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Gaskets and Seals


Servicing and repairing power sport vehicles require replacing gaskets and seals on a regular basis. Trying to reuse seals and gaskets can leave a technician in a world of hurt and waste time redoing work. Always be prepared to replace any seals and gaskets that are removed during a service or repair procedure. Don’t accelerate the wear of that new component because it is installed with an old seal.

Nobody likes to order parts over and over to complete a job. Take a look through the repair manual and identify the seals and gaskets associated with the areas of service before diving into a procedure. Don’t get focused on the hard parts and forget the gaskets and O-rings. Get all of the gaskets and seals ahead of time so that $3 oil seal is on hand when needed and doesn’t require another trip to the parts counter or week of waiting on the mail.


Looking through parts diagrams trying to find all the needed seals and gaskets can be frustrating on small jobs. If you are doing an engine overhaul or major service it is even worse. The best course of action is to get a gasket set. Many OEMs and aftermarket companies offer gasket sets with all gaskets, gaskets and seals, top-end only gasket kits, or component specific gasket and seal kits. Ordering the correct gasket set with one part number not only is quicker, but it reduces the chance of ending up with two dust seals in place of the dust seal and oil see that are needed.

When using gasket kits take note of position and orientation of the original seals. The contents of a gasket kit may not be labeled with individual part numbers so it is up to the technician to identify the correct components, and many oil seals and O-rings can be hard to differentiate. Also, not all gasket and seal kits include crush washers. These items may need to be sourced independently.


Cylinder base gaskets and cylinder head gaskets can be difficult to identify the correct orientation.  Some can be installed upside down while visually looking correct. This can result in a poor seal. Follow the service manual’s instructions to identify markings or construction features of the gasket to insure correct placement.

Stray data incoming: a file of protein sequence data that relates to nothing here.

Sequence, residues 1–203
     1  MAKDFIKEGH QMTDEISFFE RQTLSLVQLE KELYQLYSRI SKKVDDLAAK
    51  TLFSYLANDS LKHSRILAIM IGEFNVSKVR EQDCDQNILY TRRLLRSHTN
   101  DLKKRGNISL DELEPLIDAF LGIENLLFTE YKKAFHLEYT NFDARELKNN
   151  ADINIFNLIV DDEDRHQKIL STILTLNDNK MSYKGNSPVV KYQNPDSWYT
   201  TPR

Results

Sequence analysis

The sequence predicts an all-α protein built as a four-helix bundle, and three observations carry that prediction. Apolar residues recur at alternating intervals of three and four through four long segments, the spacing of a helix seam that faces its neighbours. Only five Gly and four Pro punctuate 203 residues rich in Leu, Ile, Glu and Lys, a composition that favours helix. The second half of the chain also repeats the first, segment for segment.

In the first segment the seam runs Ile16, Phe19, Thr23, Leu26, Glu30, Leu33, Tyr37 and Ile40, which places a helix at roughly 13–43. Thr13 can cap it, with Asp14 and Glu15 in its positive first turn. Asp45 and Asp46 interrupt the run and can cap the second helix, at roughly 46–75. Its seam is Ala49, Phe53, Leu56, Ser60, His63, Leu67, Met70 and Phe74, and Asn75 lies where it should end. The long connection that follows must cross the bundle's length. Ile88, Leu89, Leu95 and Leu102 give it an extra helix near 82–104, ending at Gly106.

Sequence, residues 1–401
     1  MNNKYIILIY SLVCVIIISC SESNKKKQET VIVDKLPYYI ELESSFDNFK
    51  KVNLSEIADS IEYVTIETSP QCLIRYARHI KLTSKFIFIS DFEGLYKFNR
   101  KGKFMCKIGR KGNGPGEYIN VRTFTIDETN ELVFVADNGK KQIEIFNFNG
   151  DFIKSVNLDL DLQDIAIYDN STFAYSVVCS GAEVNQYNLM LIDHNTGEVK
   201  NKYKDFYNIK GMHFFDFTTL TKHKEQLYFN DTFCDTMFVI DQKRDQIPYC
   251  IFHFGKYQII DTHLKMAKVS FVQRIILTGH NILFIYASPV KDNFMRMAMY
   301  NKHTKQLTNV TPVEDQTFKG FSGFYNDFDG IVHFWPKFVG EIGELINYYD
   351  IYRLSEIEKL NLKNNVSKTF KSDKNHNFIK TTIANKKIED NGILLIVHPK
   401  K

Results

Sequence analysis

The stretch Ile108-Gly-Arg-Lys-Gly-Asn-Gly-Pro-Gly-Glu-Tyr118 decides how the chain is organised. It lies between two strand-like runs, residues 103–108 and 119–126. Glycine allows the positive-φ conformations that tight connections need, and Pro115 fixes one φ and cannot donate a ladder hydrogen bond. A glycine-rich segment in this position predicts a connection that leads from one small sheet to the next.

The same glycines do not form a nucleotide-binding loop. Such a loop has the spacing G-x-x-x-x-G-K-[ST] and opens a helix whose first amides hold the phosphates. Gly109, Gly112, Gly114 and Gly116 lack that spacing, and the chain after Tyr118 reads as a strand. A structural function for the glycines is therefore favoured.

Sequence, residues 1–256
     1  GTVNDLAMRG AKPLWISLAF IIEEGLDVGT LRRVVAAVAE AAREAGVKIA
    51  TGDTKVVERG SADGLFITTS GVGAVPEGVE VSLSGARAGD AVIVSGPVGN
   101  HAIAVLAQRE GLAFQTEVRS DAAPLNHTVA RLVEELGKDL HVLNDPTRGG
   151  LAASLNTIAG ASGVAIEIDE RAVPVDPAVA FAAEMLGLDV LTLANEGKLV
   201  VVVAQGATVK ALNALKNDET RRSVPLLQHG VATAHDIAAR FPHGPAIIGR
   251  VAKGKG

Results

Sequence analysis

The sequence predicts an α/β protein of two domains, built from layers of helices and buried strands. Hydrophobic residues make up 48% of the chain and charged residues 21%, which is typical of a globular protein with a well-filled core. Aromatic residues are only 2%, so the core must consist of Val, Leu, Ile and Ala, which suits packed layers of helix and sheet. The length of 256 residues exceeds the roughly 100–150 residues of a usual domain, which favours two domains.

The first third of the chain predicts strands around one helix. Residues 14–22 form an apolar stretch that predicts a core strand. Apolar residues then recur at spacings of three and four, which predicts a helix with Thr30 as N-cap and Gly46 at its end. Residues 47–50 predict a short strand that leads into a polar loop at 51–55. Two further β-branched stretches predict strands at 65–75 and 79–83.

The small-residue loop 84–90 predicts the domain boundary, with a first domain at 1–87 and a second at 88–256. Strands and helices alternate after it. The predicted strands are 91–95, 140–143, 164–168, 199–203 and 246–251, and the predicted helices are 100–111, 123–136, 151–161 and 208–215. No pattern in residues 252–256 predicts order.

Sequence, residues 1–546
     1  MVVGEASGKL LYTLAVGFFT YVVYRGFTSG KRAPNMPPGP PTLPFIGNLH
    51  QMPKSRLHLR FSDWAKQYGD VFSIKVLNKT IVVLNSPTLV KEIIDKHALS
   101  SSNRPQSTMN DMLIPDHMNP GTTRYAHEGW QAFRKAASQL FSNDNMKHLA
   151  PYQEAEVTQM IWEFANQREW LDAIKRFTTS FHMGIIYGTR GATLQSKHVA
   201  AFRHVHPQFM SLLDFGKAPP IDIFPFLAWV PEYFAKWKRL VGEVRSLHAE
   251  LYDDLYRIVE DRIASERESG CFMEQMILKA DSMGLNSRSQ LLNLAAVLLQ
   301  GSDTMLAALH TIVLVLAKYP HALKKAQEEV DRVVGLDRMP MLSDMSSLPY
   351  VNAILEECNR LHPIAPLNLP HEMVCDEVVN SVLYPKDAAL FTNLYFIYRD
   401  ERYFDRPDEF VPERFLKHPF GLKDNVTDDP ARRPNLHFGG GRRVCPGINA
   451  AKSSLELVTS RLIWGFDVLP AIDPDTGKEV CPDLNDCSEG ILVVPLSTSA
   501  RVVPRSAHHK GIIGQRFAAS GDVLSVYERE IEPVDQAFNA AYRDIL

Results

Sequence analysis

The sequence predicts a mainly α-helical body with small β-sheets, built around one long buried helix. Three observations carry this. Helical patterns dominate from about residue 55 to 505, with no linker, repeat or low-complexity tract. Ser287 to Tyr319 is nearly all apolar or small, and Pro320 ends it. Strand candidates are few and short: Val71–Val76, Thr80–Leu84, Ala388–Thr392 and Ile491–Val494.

Avoid ruining new oil seals on sharp edges or threads. Use tape or plastic wrap to cover sharp shaft features to prevent seal damage when the shaft enters the seal. Also, do not allow oil seals to roll up or push out when installing a shaft into the seal.


When installing oil seals lubricate the lips of the seal with oil or grease along with the shaft or boss that fits into the oil seal. The oil seal needs a minimal fluid film between its lips and the turning shaft to maintain a good seal and to dissipate heat. An oil seal installed dry may not seal at all, and will most likely fail prematurely. O-rings should be treated in the same manner and not installed dry unless otherwise specified by the service manual.


Thoroughly clean mating surfaces prior to installing new seals, gaskets, or sealant. Follow the manufactures instructions carefully if a chemical gasket remover product is used as these are some of the nastiest chemicals in the shop. Do not nick or gouge the mating surface when attempting to remove old gasket material. If the mating surface is nicked up or burred it should be smoothed out with an oil stone. If the damage is severe the mating components must be replaced.


When using a liquid gasket sealant have the correct type for the application as required by OEM. Sealants vary by temperature rating, chemical resistance, drying time, and hardening performance. Apply the sealant to the mating surfaces evenly in a thin coat. Do not be excessive as the extra sealant will be pushed out when the components are joined and may enter oil passages or bearings. Also, only apply sealant along with a seal or gaskets when specifically called out by the service manual. Have everything 100% ready to go together when the sealant is applied. The mating surfaces must be joined in a timely manner or the sealant will dry prematurely and will not seal correctly.

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